Do your characters make choices that are true to their personalities and beliefs? So, if you loved the , why not check out the book too? Stanley thinks it is destiny that they met. They return to camp and unearth the treasure. As writers, however, it's all too easy to use our characters as wish fulfillment, playing out events as we'd ideally like them to occur rather than staying true to the characters we've developed. They survive on onions for more than a week and then return to camp, planning to search for Kate Barlow's treasure in the hole where Stanley found the lipstick tube. When Stanley becomes friends with Zero, however, X-Ray's system is threatened and he becomes hostile towards Stanley. Sachar writes the humorous plot of Holes in a straightforward manner; however, he weaves into the plot three subplots.
The subplots are tall-tale motifs that provide explanations about incidents involving previous Yelnats generations that significantly impact Stanley's life as well as the lives of others. Climax A New Stanley In an uncharacteristic display of initiative, Stanley makes a desperate attempt to help his friend. The town's citizens set out to lynch Sam because he had broken the law and kissed a white woman. Lucky for Stanley, the key to their curse just might be unlocked at Camp Green Lake. Why couldn't he just talk to the sailors in Greek himself? The boys are told that the digging will teach them to work hard, and eventually facilitate their rehabilitation into society, but in reality, the Warden has a hidden agenda. Stanley learns quickly that X-Ray is the unofficial group leader and that cooperating with X-Ray is essential to his survival.
Stanley also meets , another camp supervisor. The climb is hard, and Zero is so weak he cannot make it on his own power. The work is exhausting, especially in the shadeless heat of the day, and potentially dangerous: the lake is populated by yellow-spotted lizards, whose venom is strong enough to kill a person. At the top of the mountain, Stanley sings the lullaby that has been in his family for years. In the present day, Stanley and Zero find themselves at the thumb-shaped mountain that Stanley spotted from afar and they begin to climb it, hoping to find water.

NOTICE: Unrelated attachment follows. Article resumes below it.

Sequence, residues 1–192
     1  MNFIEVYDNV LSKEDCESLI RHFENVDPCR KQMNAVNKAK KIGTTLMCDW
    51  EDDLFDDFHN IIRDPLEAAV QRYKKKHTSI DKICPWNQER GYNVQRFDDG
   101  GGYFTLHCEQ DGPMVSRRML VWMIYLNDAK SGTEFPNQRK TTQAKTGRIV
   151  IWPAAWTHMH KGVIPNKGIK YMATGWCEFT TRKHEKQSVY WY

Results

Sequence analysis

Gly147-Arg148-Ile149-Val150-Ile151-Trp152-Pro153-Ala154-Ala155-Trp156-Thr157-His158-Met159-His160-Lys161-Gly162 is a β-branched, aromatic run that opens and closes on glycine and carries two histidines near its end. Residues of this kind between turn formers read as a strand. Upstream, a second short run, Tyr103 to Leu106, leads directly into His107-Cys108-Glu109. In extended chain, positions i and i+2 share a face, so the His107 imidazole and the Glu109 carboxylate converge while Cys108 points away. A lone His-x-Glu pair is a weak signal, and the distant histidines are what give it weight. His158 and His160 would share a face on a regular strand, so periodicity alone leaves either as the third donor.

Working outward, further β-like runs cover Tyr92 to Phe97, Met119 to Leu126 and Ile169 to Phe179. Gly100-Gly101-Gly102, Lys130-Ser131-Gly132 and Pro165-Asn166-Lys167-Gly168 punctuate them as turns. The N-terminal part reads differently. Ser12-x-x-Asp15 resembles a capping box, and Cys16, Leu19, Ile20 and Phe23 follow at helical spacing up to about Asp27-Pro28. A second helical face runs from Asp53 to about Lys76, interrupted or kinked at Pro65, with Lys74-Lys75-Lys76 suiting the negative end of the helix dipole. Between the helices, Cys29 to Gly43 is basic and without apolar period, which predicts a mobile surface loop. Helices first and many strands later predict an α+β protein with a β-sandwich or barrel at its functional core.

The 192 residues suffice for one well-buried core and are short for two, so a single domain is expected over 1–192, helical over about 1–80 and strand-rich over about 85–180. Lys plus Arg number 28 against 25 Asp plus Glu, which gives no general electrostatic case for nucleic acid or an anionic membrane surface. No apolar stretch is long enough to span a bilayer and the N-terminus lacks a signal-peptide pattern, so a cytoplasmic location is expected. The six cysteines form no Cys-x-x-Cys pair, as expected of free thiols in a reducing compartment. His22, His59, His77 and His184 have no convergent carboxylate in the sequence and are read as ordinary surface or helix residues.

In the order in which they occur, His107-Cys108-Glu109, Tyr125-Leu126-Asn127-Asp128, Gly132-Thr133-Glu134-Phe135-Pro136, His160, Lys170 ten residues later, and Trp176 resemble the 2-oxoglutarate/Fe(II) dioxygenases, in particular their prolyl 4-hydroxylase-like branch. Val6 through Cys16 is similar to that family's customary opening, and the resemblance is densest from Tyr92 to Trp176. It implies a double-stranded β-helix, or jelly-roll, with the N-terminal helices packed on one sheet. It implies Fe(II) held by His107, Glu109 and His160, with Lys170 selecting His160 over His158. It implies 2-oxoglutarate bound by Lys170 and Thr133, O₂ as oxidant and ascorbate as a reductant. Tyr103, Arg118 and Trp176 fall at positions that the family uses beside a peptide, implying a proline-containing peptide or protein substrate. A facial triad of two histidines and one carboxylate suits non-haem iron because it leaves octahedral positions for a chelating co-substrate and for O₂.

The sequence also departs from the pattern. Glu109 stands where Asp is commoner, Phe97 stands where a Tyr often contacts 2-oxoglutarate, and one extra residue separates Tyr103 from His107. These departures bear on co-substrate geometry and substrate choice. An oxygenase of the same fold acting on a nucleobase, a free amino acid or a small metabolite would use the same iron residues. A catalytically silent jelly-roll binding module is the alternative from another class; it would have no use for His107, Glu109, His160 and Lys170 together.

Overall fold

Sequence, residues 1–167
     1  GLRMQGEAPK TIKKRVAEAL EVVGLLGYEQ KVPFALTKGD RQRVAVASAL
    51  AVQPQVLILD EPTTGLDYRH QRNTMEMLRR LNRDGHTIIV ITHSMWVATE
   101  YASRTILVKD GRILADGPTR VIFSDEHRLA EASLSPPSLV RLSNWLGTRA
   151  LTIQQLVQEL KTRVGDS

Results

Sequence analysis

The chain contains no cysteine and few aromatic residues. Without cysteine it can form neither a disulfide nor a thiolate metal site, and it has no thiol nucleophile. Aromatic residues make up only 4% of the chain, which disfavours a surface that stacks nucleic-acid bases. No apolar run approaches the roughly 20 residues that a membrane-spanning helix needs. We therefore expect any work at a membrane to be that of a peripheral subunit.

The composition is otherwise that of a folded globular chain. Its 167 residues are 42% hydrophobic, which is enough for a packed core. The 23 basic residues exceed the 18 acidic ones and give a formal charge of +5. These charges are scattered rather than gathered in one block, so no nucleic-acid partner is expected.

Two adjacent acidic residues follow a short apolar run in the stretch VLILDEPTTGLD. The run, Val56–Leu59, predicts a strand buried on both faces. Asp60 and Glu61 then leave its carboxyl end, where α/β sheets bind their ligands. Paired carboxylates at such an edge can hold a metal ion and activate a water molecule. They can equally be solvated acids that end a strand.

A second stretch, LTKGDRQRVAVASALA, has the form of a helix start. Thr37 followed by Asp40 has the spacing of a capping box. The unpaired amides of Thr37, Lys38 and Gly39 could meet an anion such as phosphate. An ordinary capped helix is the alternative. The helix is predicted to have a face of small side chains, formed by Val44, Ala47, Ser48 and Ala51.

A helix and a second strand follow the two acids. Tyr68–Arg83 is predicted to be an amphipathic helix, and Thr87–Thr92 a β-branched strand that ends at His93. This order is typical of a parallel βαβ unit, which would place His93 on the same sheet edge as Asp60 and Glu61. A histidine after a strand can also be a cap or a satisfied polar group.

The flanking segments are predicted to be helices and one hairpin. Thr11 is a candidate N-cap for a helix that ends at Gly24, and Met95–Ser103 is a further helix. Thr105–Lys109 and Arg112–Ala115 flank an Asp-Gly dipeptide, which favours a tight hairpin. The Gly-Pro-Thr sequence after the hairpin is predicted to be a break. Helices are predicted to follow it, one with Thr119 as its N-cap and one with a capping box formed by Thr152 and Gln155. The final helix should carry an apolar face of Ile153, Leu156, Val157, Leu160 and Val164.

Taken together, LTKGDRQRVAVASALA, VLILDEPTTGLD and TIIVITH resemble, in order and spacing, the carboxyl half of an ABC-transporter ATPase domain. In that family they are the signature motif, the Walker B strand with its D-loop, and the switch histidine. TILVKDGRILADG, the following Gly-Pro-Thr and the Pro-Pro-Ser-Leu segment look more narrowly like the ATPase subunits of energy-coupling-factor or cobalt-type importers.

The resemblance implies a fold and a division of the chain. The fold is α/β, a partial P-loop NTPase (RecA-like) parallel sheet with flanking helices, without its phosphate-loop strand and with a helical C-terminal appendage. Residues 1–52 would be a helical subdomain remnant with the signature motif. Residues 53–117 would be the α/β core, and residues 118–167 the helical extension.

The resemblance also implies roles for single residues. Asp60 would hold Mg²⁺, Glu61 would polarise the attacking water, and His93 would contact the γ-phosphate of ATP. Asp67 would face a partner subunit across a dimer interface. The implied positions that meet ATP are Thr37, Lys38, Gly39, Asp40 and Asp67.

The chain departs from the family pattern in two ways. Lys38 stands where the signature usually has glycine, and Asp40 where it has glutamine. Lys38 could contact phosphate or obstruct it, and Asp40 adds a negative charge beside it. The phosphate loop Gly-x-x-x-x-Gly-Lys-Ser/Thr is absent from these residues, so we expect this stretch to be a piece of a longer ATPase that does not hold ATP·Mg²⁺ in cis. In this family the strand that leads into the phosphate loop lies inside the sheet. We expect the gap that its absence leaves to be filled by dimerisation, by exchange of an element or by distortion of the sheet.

They try to force her to reveal where she buried her loot, but she is bitten by a yellow-spotted lizard and dies. These interconnecting stories touch on themes such as racism, homelessness, illiteracy, and arranged marriage. Example: An all-powerful villain is easily defeated. In addition to being poor and unhappy, Stanley is now a convicted felon. He may still be unhappy, but at least things are on an even keel again. This in turn leads him to identify the dead man as a former baseball pitcher who quit playing when he wore out his arm.
Family Curse Of course, Stanley blames his on his no-good-dirty-rotten-pig-stealing-great-great-grandfather. Complication Zero Makes a Break for It Just when Stanley has worked out how he's going to survive his time at Camp Green Lake, everything changes. Together, the two struggle to survive and find a stash of 100-year-old spiced peaches - reduced now to juice - for survival. It won the 1998 U. Camp Green Lake is shut down, and the Warden sells the land to an organization that plans to turn it into a Girl Scout camp. However, he is smart and manages to stand for himself in the face of adversity, breaking Mr. One of the cops notices that Mr.
Example: A character seemingly forgets a vital piece of information they knew earlier in the story. Holes Author Louis Sachar Country U. However, there was a wireless camera watching the bomb all the time. Stanley found water and let Zero drink it and sang the lullaby. The town was once a thriving lake town with plenty of water and life. They agree that Stanley will teach Zero to read and Zero will dig half of Stanley's hole each day in return.
Elya did not take the pig up the mountain the last day, nor did he carry Madame Zeroni up the mountain. The Warden forbids any reading lessons and tells Stanley he has to dig his own hole. Fortune turns in favor of the Yelnats. For the sake of our stories, we must be willing to put in this hard work. X-Ray maintains his position as the leader of the boys even though he is one of the smallest and can barely see without his glasses.
Basically, it's a place for kids who have committed crimes. Conclusion Happily Ever After — Kind of In the book's final chapter, the narrator ties up a lot of loose ends and sets the reader's mind to rest. Each day, the boys arise at 4:30 A. From then on, the Yelnats family believed they were cursed with bad luck. A sequel to Holes entitled Small Steps was published in 2006 and centers on one of the secondary characters in the novel, Armpit. . We, too, can work to stay true to our characters as we find and fix our story's plot holes by first taking the time to , then interrogating our characters' choices throughout our stories in much the same way we did with our plots in the tip above.
Luckily, though, Stanley does what he's always done: he keeps his head down, doesn't make waves, and adapts to the realities of his new situation. Stanley is sent to Camp Green Lake, a juvenile work camp, for his alleged crime. Stanley and the other boys at the camp are forced to dig large holes in the dirt every day. There are many ways to go about world-building, but putting in the time and effort is key to both avoiding plot holes as you write and knowing where to look for potential plot holes as you edit. Instead, he left Latvia on a ship for the United States of America and from that day on, experienced bad luck as a result of Madame Zeroni's curse. Forgetting his promise to Madame Zeroni, he moves to America to start a new life, falls in love, and marries, but he is beset by Zeroni's curse.